Broward County's Oldest and Largest African American Owned and Operated Newspaper

Page 4 • www.thewestsidegazette.com • March 13 - March 19, 2014

Community Digest

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Founder’s Day

Florida Memorial University, South Florida’s only Historically Black College or University (HBCU), will conduct the 2014 Founder’s Day Convocation on Thursday, March 13, at 10 a.m., in the Susie C. Holley Religious Center, on FMU’s main campus at 15800 N.W. 42nd Avenue in Miami Gardens. Celebrating 135 years of the school’s existence. Highlights of the convocation events include musical performances by the FMU Ambassador Chorale, a panel discussion on the civil rights movement, and presentations of awards and honors. For more info contact Vanessa Loy at (305) 948-8063.

Event

Woman 2 Woman Ministries presents “The Change Event”, Saturday, March 15, 2014 at 9:30 a.m., at Universal Palms Hotel (formerly El Palacio Hotel) 4900 N. Powerline Rd., Fort Lauderdale, Fla. A full breakfast will be served. Tickets are available on Eventbrite.

Event

You are cordially invited to attend Saba Court #172 Daughters of Isis Annual Egyptian Tea and Fashion Show, Saturday, March 22, 201 4 at12 p.m., in the Ivory Mizell Community Center Annex, Dixie Court III Apartments, 306 W. Dixie Ct., Fort Lauderdale, Fla. For more info call Chair Daughter Ware-Mcphaul at (954) 8493404 or Co/Chair Daughter Princess Hill at (954) 482-2600.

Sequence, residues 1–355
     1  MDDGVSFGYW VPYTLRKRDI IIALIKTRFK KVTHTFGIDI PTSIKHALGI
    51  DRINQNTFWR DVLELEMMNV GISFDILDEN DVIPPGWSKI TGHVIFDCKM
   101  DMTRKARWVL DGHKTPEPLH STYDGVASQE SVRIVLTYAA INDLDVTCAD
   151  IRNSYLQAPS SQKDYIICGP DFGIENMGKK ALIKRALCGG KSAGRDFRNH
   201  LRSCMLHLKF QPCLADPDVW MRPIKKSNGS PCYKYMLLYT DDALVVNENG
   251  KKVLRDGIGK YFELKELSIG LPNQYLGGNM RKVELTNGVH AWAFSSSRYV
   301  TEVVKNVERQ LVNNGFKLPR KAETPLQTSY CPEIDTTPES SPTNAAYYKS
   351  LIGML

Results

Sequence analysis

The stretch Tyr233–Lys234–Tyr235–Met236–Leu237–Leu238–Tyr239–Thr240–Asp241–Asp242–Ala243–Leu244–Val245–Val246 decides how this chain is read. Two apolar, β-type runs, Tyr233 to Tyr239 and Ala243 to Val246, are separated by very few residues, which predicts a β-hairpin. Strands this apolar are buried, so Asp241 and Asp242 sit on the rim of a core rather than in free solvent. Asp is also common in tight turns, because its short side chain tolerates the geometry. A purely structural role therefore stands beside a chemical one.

Event

Reception

The Shepherd’s Care Ministry of Mt. Zion Missionary Baptist Church will celebrate their "First Anniversary" under new pastoral leadership, Rev. Dr. James B. Darling, Jr., on Sunday March 16 at 4 p.m. 1161 N.W. 29 Terr., Fort Lauderdale, Fla. Rev. James Ray of Bethlehem Missionary Baptist Church and congregation will be our guest. All are invited to attend. For more information, visit www.mtzionmissionarybapt.com.

"A Meet the New Officers" Reception is being held March 16, 2014 at 4p.m. at the Northwest Federated Woman’s Clubhouse. Admission is free, but please R.S.V.P. at the clubhouse at (954) 730-3442 or with Mrs. Patricia Casterlow at (954) 7607519.

Trip

Yard Sale